Saturday, January 02, 2010

Mary, the Mother of God

Yesterday we celebrated the Solemnity of Mary, the Mother of God. We celebrated by having rosemary chicken for dinner, followed by a blueberry crumble (as we put on the topping, Caroline said, "The blueberries are blue for Mary, and it is called a crumble because Mary crumbled at the foot of the cross when Jesus died!" Deep thoughts from a four year old!). Our deacon gave a great homily at Mass explaining why we refer to Mary as the Mother of God. Sometimes this title is questioned - Mother of Jesus is okay, but Mother of God? The problem people seem to have with this is that they think it must mean Mary is higher than God, or preceded Him; however, it is just a title which shows the mystery of the Holy Trinity... if Mary is the Mother of Jesus, and Jesus is God, then logically, she can also be called the Mother of God. The Trinity is such a complex concept for us to grasp, but I thought the homily below was helpful in understanding this a little better.

Many thanks to our deacon for writing and sharing this homily!

"Today we celebrate the Solemnity of the Blessed Virgin Mary, Mother of God. And we give thanks to God this day for Mary under this particular title, one which had been in great dispute in the early Church. After much prayer, discussion, and argument, the Church finally, in 431 A.D. at the Council of Ephesus, gave its approval for the faithful to refer to Mary as Theotokos --- in Greek, the “God-bearer”.

And this title teaches us a couple of things, one about Mary --- that she indeed conceived, bore, and gave birth to Jesus through the power of the Holy Spirit, and one about Jesus --- that he indeed was God, the Second Person of the Holy Trinity. Put simply, Mary was the mother of Jesus, and Jesus is God. Therefore it’s appropriate to refer to Mary as “Mother of God”. And while on the surface that seems logical, think about what is really being said by that statement. In calling Mary the “God-bearer” the Church was strongly reaffirming Jesus as the God-man, fully human and fully divine. Not half and half --- we have to get that idea out of our heads --- but true God and true man, as we profess each week in the Creed.

Trying to get our minds around that can be difficult, which is why many of us take the easy way out and simply focus on and stress one or the other --- either Jesus is God, or Jesus is one of us. In other words, we do the very same thing we do with each other, think of God in just one way, according to just one of his natures. And we may not even realize we’re doing it. So today may be the perfect day to truly think about it, to truly examine how we see and how we relate to Jesus.

Some of us have an easy time affirming Jesus as God, but not so much his humanity. For us, Jesus is the one who knows all and understands all. He sees the big picture, knows his mission, and carries it out bravely. He can heal any ill, mediate any dispute, solve any problem. He goes through this life with a certain confidence, a peace that only God can give. Through this Jesus, all things were made. And he truly is Lord of our life.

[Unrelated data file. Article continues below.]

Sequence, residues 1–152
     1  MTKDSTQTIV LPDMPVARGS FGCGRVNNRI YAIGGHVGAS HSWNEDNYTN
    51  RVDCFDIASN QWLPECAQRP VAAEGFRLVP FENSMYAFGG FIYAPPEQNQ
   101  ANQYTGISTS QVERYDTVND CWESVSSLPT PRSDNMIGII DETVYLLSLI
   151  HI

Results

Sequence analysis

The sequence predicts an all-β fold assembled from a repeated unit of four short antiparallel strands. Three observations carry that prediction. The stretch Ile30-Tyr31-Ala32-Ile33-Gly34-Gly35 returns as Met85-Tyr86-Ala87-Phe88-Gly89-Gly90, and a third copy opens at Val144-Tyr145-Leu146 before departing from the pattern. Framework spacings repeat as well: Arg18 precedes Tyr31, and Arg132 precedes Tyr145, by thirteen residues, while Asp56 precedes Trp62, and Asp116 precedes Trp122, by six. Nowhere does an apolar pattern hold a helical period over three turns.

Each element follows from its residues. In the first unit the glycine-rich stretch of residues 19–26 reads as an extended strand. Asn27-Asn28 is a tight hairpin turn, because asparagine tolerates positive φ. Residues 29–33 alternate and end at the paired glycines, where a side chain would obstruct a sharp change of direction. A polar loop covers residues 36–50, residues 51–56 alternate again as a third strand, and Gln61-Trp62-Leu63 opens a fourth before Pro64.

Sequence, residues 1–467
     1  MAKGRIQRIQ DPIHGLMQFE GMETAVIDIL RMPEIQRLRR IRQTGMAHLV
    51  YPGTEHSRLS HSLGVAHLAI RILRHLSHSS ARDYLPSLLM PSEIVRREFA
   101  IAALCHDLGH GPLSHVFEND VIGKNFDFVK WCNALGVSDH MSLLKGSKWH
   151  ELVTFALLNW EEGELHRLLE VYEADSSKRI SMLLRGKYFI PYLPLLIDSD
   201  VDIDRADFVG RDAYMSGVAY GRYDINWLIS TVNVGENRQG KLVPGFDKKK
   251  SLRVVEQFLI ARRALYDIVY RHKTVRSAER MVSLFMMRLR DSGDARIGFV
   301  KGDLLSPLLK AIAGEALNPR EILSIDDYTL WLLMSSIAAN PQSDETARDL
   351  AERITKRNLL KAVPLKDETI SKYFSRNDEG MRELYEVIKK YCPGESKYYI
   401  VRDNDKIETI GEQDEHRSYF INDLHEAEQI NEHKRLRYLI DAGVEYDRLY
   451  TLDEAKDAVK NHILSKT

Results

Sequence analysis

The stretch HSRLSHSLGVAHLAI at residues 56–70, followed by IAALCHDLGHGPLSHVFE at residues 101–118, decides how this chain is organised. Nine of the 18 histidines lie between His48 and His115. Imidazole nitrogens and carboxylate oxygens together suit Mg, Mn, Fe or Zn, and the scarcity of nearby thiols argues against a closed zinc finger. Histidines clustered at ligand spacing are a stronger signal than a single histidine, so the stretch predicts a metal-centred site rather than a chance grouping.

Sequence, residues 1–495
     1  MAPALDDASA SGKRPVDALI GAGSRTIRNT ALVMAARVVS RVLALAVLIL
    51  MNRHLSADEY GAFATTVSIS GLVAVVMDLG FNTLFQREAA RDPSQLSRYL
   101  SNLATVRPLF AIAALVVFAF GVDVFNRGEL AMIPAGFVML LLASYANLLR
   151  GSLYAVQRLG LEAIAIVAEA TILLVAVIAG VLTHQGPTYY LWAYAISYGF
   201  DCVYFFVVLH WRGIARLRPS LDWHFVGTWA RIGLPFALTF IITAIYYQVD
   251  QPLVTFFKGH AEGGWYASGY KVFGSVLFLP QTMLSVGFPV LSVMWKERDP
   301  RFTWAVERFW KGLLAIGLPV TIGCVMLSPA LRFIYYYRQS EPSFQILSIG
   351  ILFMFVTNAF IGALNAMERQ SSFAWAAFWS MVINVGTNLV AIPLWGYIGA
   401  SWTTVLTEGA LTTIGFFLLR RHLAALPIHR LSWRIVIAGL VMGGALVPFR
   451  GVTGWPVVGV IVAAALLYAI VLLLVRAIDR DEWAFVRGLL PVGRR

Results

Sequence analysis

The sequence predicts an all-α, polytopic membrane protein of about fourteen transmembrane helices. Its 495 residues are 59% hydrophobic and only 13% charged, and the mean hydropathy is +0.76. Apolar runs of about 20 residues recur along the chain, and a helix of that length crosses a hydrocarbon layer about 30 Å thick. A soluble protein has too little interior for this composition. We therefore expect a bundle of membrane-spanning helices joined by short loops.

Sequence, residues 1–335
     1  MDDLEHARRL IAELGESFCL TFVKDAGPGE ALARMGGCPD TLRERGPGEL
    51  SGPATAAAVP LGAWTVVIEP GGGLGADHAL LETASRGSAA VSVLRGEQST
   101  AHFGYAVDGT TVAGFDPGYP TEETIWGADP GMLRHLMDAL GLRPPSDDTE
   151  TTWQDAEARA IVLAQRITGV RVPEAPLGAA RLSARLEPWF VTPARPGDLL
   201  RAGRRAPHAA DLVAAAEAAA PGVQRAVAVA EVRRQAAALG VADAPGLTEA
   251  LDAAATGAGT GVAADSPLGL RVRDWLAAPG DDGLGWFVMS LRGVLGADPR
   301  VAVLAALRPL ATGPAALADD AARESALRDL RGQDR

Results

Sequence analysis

For others of us, we have an easier time accepting Jesus’ humanity. This is the Jesus who comes to us as a helpless child, the one who grows in wisdom and age. He shows the full range of human emotions --- even sadness and anger. This is a very trusting Jesus, not because he knows everything, but because he concretely experiences the love of the Father. He struggles to fully know and understand his mission, even desiring that the cup pass him by. This Jesus is our companion and friend.

I wonder if Mary struggled with this very thing. Think for a moment. Even though the conception of her son was miraculous, he was still her boy. She nursed him, protected him, taught him, disciplined him --- all the same things any mother would do for her child. And I imagine that during his early years, Jesus was probably much like any other boy. But then at some point things must have begun to change --- his advanced wisdom, his moral foundation, the authority with which he spoke --- and no longer could Mary simply accept him as her child. He was also God’s Son, as the angel had said, and therefore she couldn’t only be his mom. And as she stood at the foot of the cross, her steadfast faith allowed her to gaze upon both her God and her boy --- not one or the other, but both.

This is our challenge today, to truly embrace Jesus as both God and man. If we emphasize only one or the other, we will almost certainly have only a partial understanding of this person in whom we put our trust and our very lives. And even though a complete picture of Jesus is beyond our grasp, there is great value and benefit in striving for a deeper understanding of the Lord --- an understanding which will bring great peace, meaning, and hope.

And so today we look to Mary and ask for her prayers. As the one who had to, in a certain sense, wrestle with this truth first, Mary knows and understands how difficult it can be to gaze upon Jesus under the brightest light and embrace him in the fullest sense. Jesus is always much more than we can ever imagine. And without question, we can be absolutely sure that the Blessed Virgin Mary hears every one of our prayers and offers her own on our behalf. After all, she is our mother too.

Thank you Mary, for once again helping us to be humble, faithful followers of your Son. Holy Mary Mother of God, pray for us."

1 comment:

ViolinMama said...

Caroline's wisdom was astounding! Loved it! Love the homily too!

Many blessings and much love!